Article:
The Non-Fiction Shows & Books You Should Try

9 February 2020

Lately, I've seen a real shift in the kinds of shows and books I'm attracted to. Whereas once, it was all about the rom-coms, the comedies and the drama, my interests have definitely changed. Nowadays, I'm very much into non-fiction, real life, documentaries, series and books. I don't know why; it could be studying Economics, or History, that has amplified my interest in the real world, but I've found myself way more attracted to these genres. Hence, I've compiled a list of some of my all-time favourite non-fiction books/films/series!


I'm pretty sure I've rambled about how much I enjoyed this book at some point, but feel it to be worth another mention. It's basically a compilation of the diary entries of former junior doctor, Kay, depicting life on the hospital wards. It's hilarious, thought-provoking but heartbreaking all at once, and definitely opens your eyes to the realities of being a doctor. A must-read, for sure. It's perfect for dipping in and out of whenever you get chance, and doesn't require any significant 'getting into' in order to enjoy it.


Okay, so I started with Sapiens and am currently approaching the end of '21 Lessons', but Oh. My. God. As cliché as it may sound, these books have changed the way I look at everything. I've always been interested in the 'ins' and 'outs' of human behaviour, but these books provide a perspective that I think most have never considered. 'Sapiens' depicts the development of the human population, from the very beginning of time until recent years, whereas '21 Lessons' discusses the state of humanity as of now, in the 21st century. Harari also has a third book, 'Homo Deus' that, strictly speaking, comes before '21 Lessons', but in all honesty, you don't have to read the second to understand the third. All I'm getting at is, if you get the chance, give these a go.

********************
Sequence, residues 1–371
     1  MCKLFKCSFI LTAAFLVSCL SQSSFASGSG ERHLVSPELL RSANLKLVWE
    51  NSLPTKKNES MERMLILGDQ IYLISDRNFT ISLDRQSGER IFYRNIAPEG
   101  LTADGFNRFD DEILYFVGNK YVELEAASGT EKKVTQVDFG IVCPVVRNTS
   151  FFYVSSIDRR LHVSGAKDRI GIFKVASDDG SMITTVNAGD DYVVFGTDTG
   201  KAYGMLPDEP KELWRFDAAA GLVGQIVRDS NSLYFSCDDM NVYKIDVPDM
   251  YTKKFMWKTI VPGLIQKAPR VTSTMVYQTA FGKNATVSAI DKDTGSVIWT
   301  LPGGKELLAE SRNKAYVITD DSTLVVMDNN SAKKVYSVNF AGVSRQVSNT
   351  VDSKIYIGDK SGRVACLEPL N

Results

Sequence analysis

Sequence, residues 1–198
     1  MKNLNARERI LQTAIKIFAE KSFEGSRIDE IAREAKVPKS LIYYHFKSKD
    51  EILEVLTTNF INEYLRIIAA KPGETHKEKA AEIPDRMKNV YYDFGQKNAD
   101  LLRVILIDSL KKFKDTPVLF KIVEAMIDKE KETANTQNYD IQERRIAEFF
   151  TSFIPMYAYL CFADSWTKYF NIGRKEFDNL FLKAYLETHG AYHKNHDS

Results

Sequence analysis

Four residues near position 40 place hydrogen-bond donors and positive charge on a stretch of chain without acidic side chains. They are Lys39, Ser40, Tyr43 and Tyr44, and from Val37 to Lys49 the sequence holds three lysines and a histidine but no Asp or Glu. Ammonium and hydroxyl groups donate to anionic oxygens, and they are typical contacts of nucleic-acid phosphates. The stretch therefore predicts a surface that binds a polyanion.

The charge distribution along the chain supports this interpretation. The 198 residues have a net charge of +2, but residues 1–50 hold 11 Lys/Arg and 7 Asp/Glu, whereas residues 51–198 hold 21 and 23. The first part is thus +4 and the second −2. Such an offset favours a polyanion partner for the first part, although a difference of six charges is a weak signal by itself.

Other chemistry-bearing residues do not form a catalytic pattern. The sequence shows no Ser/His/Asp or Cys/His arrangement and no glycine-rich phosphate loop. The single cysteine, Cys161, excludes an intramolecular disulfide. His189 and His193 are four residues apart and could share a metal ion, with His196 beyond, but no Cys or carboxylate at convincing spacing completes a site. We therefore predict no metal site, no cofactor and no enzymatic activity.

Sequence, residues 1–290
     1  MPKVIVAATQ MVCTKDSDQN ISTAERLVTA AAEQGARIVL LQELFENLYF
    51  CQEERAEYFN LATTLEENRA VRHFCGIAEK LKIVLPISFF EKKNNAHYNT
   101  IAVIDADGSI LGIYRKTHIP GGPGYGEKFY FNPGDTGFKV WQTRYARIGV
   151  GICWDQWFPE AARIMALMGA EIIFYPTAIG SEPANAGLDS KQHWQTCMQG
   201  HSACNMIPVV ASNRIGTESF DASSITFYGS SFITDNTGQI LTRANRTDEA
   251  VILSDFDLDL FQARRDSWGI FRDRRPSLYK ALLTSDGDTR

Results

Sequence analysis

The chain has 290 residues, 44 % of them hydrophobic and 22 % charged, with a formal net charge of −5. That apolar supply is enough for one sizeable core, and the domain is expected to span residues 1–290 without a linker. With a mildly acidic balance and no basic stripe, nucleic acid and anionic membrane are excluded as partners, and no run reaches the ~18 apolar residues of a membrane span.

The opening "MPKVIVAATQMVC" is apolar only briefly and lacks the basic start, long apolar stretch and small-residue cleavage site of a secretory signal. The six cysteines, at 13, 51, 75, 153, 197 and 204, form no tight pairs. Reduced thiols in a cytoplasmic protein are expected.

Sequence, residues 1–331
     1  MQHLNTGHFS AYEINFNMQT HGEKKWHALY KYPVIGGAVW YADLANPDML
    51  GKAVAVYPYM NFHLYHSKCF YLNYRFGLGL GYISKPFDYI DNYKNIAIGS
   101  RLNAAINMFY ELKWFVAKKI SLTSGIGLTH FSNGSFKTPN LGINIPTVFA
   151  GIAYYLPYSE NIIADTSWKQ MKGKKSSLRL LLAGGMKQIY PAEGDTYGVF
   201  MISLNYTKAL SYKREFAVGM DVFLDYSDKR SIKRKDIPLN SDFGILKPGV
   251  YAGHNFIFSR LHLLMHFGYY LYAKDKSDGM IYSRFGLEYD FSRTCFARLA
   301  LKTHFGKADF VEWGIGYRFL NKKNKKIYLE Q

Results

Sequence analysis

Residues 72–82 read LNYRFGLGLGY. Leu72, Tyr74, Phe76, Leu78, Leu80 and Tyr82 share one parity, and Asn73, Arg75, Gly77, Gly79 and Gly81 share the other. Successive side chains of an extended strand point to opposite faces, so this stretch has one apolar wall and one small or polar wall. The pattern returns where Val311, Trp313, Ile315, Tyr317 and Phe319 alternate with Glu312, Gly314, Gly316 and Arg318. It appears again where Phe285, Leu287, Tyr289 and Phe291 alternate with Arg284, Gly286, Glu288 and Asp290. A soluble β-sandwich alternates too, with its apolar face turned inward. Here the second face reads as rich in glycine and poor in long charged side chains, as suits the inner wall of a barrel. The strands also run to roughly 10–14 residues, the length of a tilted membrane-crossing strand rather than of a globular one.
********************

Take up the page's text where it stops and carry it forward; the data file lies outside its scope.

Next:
And with that, onto shows. I believe this docuseries was released around mid-December, and it basically blew up on the Internet. I wasn't sure what to expect at first, but wow, was I hooked. This 3-part series depicts an 18 month search for a killer over the Internet, stemming from a series of disturbing videos uploaded onto Facebook and Youtube. It explores the darker side of the online e world that I feel many haven't even fathomed before. If you're looking for something gripping to watch either in the background or whilst doing other things, this is the perfect watch. The thing that got me was the power that the Internet can have. You don't quite realise the lengths people go to until you watch something like this. Plus, I don't usually ever go back and watch documentaries like this, but I've found myself going back to this one quite a few times now. 


This show, besides a few incredibly corny intro shots of detectives (if you've seen this, you'll know what I mean - it's hard to explain), is right up my street. The show depicts three investigators analysing the forensic evidence of some of Britain's most high-profile crimes. They explore the body language, words and evidence against those attempting to cheat the justice system. The show is a good one because, normally, you see the details surrounding the case, before, during and afterwards, but there's never any in-depth analysis of how people's own actions incriminate them. 


I'm sure most people are familiar with both this case and the recent Netflix series surrounding it, but this series is seriously one to watch. I had an awareness of the Bundy case beforehand, but listening to the police recordings of Bundy adds a whole new dimension to the perspective of the case. To be honest, you can see just how Bundy evaded the police for so long; having all the traits of your average person, it makes you really analyse what a criminal actually looks like. 

So, there you have it! All I'm saying is, if you get the chance, and you're a fan of these genres, give these a whirl if you haven't already.


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